Former Massachusetts GOP Chairwoman on Mitt Romney, Scott Brown, and Closeted Republicans

After serving as the chairwoman of the Massachusetts Republican Party since 2009, Jennifer Nassour stepped down last week; her third child is due in February. During her tenure, the state GOP won a number of victories — Scott Brown won a special election for the U.S. Senate seat formerly held by Ted Kennedy in 2009, and Republicans doubled their membership in the state’s House of Representatives. Here, Nassour talks about closeted Massachusetts Republicans, Scott Brown, and her endorsement in the GOP presidential primary.

How does it feel to be done?
It’s definitely bittersweet. The sweet part is not having my heart in my throat all the time and being so wound up and worried all the time about what everyone is doing politically, both Republicans and Democrats. There’s something to be said for being normal person and being able to focus at my kid’s soccer game and not looking at my phone the whole time. The bitter part is not having all that in my life and walking away from something I loved.

The state GOP did pretty well under your leadership.
It wasn’t the work of any one person or individual. It was the work of a lot of us, in making sure that we had quality candidates over a quantity of candidates, and making sure they were talking to the people that they needed to, and getting out and meeting people face-to-face.

When the U.S. Senate special election race started, did you have any idea what kind of force Scott Brown was going to be?
No one’s ever asked me that question quite like that! (Laughs.) I always knew that Scott was going to win that race, because just because I know him and there is no one who works harder than he does. I did not, though, know the type of effect that it would have on the other candidates coming out. We had others coming out in 2009 really early, and they were young and charismatic and energetic. They said they wanted to run, and I said OK, we’ll do it together. After the Brown run, they just had stars in their eyes. They knew it could be done. It gave them the confidence to win.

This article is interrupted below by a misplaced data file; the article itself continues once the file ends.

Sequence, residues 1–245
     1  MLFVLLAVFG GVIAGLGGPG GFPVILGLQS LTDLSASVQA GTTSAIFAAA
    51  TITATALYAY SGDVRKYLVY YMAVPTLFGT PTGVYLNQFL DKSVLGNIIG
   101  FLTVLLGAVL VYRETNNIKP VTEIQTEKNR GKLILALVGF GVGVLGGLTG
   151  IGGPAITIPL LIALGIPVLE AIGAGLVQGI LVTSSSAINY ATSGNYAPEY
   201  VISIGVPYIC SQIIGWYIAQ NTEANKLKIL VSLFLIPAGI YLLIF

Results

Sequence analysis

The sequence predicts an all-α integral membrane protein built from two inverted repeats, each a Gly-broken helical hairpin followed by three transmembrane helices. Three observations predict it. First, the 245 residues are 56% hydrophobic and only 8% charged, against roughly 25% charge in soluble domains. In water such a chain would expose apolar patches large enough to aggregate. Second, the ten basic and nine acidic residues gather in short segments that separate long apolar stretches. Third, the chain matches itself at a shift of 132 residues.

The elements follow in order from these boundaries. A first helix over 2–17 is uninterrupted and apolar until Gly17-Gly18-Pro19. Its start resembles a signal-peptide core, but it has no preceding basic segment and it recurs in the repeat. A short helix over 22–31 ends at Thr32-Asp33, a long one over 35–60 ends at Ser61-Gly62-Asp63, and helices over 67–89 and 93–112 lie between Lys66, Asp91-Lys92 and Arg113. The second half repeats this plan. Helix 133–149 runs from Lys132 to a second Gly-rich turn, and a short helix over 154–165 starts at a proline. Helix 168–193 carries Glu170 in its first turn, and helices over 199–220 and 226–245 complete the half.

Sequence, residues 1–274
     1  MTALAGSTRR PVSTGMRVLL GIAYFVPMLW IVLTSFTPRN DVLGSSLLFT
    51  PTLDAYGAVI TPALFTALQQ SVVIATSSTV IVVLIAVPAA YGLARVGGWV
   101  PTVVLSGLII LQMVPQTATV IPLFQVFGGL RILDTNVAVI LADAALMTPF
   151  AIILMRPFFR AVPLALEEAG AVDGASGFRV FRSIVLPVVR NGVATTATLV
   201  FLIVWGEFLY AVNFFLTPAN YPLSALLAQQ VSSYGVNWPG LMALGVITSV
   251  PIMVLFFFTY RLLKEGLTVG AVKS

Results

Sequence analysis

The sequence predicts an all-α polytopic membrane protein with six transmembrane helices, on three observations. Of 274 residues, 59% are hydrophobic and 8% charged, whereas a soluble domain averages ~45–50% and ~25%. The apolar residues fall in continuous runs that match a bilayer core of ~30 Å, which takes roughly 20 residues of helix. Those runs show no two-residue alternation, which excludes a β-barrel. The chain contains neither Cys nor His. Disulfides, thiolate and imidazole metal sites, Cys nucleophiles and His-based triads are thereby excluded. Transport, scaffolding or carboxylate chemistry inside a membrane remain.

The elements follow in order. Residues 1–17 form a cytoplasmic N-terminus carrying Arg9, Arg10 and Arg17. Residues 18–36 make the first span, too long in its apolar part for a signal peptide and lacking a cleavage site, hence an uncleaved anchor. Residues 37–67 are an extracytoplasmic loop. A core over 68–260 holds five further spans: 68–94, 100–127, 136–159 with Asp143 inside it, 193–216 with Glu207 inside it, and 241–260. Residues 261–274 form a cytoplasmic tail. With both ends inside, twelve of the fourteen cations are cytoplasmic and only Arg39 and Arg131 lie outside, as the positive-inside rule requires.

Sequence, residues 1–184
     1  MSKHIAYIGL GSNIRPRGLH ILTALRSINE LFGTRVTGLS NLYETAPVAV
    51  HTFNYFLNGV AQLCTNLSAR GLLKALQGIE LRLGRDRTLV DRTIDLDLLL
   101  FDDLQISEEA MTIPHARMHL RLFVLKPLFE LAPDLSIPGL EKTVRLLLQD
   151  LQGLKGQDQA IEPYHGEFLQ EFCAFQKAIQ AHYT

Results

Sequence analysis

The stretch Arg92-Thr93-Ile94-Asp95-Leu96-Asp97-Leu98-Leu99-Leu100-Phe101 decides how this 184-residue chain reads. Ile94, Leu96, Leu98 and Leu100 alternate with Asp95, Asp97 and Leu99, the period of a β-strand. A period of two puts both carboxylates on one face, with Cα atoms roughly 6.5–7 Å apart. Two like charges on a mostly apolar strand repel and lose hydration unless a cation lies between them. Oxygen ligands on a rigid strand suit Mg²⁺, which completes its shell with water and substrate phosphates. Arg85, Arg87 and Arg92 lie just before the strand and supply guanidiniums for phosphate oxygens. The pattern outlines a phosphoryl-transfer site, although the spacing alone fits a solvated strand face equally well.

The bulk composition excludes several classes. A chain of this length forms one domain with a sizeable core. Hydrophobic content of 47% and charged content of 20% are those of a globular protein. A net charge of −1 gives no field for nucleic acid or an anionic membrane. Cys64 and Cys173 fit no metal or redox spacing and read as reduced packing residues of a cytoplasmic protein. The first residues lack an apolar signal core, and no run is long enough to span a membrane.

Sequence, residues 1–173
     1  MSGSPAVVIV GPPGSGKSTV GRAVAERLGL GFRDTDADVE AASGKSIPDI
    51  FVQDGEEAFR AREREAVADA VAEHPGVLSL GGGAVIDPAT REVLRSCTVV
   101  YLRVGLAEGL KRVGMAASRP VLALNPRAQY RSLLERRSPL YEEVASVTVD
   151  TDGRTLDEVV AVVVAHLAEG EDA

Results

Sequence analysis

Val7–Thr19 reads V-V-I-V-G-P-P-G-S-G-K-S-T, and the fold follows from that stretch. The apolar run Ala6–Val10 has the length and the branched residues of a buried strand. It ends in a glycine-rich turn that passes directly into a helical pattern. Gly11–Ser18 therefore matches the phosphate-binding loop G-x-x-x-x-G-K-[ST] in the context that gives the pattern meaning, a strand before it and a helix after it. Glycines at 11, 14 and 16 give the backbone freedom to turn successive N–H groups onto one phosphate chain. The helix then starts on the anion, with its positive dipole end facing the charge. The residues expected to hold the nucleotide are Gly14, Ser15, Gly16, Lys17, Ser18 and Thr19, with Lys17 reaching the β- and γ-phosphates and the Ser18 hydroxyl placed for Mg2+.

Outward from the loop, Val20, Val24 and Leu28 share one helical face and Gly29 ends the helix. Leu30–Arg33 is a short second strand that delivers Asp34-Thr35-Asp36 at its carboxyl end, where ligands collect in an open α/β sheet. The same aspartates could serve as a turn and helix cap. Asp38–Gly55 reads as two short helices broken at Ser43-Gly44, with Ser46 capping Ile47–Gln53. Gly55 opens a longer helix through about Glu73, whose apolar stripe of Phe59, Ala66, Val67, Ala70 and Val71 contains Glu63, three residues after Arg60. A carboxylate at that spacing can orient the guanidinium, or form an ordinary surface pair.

Is Massachusetts the best place to be a Republican or the worst?
If you’re like me, and you like driving up mountains, then it’s a fabulous state to be in. You always have to argue your point and that makes you work a little harder. If that’s not what you’re looking for, then it’s not a good state to be in. I also got to know that there are a number of closeted Republicans around the state! They’re the ones who sit around at meetings and will whisper to you, “I’m a Republican, too.” And I’m like, “WHAT? What did you say!?” They’ve been beaten down and have been made to feel that their voices have never been heard.

Now that you’re no longer the chairwoman, can you make an endorsement in the presidential primary?
Yes! I think that Mitt Romney has the best shot at winning this thing — not just the primary but the general election as well. Over the years, I’ve grown to respect Governor Romney’s positions and what he can do for the country. It’s a shame that we have 9.1 percent unemployment and 17 percent underemployment. I think that if anyone is going to get on track, it’s Mitt Romney.

Will Romney’s record in Massachusetts hurt him? He worked with Democrats while here.
People aren’t looking for someone who is with them 100 percent of the time, but someone that is going to make the country a better place. They say, “Is this someone who I can agree with 60, or 70, or 80 percent of time?” I can tell you, as someone who is married, I don’t get along with my husband 60 percent of the time! You’re going to disagree with people in your life. You’re not going to agree with someone 100 percent of the time, and that goes for our political candidates as well.

Have you worked closely with the Tea Party?
They’re a group of energized people who are probably more un-enrolled voters than Republican, and had a mission that was aligned with ours as far as their fiscal values and government accountability. It’s been fun to watch them evolve and chat with their various leaders, and they’ve definitely been helpful with different campaigns. But we’re a party, and they’re a movement. We don’t have any official type of relationship.

What’s the biggest lesson you learned?
Never to read blogs. (Laughs.) The biggest lesson I’ve learned is that it’s a complex state and every different corner of the state who has different people with different views on what our party should be doing. If you’re going to be in politics, you have to listen to them.

What else?
Fundraising as a Republican in Massachusetts is a struggle. (Laughs.) That’s something I never expected, but for some people, being tied to the party because of a donation is a very difficult pill to swallow. Every time we were able to raise money, it was a victory for us — we were able to persuade someone to take part in what we were doing.

Editor’s note: This interview has been condensed and edited for clarity.